The pineal product melatonin is involved in the regulation of the sleep/wake cycle in humans. In blind individuals and in people travelling through time zones, melatonin rhythms are sometimes unsynchronized with the diel cycle, and nocturnal sleep may be disturbed. Low or distorted melatonin rhythms have repeatedly been reported in middle aged and elderly insomniacs. Melatonin administration effectively synchronized the sleep wake cycle in blind individuals and in subjects suffering from jet lag and advanced sleep onset in subjects suffering from delayed sleep phase syndrome. In elderly insomniacs, melatonin replacement therapy significantly decreased sleep latency, and/or increased sleep efficiency and decreased wake time after sleep onset. In addition, melatonin substitution facilitated benzodiazepine discontinuation in chronic users. These data show an association between melatonin rhythm disturbances and difficulties to promote or maintain sleep at night. Specific melatonin formulations may be useful to treat circadian-rhythm-related sleep disorders and age-related insomnia.

This content is only available via PDF.
Copyright / Drug Dosage / Disclaimer
Copyright: All rights reserved. No part of this publication may be translated into other languages, reproduced or utilized in any form or by any means, electronic or mechanical, including photocopying, recording, microcopying, or by any information storage and retrieval system, without permission in writing from the publisher.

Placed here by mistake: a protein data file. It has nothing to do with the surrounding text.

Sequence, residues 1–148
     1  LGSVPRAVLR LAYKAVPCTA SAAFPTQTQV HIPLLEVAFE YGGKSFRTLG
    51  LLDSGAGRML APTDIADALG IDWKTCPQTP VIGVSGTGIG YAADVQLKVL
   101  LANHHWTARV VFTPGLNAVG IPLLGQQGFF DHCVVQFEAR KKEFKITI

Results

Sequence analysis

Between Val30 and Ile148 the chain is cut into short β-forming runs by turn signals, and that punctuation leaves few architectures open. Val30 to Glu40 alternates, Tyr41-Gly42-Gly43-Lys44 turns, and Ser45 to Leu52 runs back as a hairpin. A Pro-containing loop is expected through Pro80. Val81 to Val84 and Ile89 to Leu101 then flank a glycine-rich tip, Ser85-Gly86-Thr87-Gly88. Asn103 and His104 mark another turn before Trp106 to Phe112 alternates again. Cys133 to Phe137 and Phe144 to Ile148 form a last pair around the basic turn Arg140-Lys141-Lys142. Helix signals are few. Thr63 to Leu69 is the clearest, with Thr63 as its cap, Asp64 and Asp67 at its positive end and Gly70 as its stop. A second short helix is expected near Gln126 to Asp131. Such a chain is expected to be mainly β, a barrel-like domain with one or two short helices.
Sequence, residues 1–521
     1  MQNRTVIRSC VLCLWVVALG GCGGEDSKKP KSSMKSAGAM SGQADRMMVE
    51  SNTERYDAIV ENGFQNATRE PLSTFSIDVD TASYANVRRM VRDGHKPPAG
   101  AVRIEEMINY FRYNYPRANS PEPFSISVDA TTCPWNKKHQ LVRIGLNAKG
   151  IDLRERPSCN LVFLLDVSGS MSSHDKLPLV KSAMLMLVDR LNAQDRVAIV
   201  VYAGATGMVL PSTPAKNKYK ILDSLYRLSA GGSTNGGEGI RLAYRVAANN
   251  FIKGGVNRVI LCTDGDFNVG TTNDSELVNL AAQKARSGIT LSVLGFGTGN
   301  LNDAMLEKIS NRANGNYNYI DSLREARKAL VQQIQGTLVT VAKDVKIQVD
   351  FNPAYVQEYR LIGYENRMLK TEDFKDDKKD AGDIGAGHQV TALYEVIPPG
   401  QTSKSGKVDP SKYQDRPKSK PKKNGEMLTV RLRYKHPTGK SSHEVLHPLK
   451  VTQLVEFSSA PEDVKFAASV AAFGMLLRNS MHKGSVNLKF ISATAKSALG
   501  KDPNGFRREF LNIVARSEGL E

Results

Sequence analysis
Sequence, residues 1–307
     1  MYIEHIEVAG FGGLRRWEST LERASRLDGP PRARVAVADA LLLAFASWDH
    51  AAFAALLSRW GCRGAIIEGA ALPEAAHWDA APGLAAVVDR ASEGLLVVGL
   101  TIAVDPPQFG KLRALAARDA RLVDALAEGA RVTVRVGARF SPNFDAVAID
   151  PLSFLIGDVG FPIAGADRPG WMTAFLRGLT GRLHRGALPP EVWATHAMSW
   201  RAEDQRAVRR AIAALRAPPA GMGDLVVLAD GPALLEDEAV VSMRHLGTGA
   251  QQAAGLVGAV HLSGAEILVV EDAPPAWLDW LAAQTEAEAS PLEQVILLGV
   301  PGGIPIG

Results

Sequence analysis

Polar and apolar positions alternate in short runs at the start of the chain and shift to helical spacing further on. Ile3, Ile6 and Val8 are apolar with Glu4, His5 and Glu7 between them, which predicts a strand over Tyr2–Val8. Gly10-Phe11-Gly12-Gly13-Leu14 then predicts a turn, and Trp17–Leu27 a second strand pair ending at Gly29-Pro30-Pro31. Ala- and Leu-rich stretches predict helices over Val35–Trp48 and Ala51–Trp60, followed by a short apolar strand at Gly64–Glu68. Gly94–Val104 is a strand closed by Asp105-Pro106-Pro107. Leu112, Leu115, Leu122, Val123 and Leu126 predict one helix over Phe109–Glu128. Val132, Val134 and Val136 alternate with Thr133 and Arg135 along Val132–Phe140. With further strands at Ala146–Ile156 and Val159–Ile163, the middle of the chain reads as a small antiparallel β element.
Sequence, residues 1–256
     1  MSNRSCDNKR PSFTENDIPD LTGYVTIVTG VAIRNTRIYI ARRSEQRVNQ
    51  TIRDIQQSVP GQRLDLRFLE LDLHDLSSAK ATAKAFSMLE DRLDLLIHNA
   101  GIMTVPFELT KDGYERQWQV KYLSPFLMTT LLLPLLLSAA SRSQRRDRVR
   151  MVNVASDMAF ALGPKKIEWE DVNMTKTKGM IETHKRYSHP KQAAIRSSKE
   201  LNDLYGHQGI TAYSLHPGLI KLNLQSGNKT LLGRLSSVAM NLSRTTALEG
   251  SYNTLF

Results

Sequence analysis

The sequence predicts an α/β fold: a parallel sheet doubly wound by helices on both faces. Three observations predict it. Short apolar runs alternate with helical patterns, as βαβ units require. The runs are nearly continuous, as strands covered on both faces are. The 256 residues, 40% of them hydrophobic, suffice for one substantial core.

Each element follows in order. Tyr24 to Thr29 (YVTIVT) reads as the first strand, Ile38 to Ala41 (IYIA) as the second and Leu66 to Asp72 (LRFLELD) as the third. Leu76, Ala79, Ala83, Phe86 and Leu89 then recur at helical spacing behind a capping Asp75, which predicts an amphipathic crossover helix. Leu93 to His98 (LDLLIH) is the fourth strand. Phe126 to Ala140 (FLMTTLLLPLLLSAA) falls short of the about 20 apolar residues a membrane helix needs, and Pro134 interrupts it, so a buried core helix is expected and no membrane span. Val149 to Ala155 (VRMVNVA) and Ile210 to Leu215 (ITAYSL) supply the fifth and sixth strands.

Drug Dosage: The authors and the publisher have exerted every effort to ensure that drug selection and dosage set forth in this text are in accord with current recommendations and practice at the time of publication. However, in view of ongoing research, changes in government regulations, and the constant flow of information relating to drug therapy and drug reactions, the reader is urged to check the package insert for each drug for any changes in indications and dosage and for added warnings and precautions. This is particularly important when the recommended agent is a new and/or infrequently employed drug.
Disclaimer: The statements, opinions and data contained in this publication are solely those of the individual authors and contributors and not of the publishers and the editor(s). The appearance of advertisements or/and product references in the publication is not a warranty, endorsement, or approval of the products or services advertised or of their effectiveness, quality or safety. The publisher and the editor(s) disclaim responsibility for any injury to persons or property resulting from any ideas, methods, instructions or products referred to in the content or advertisements.
You do not currently have access to this content.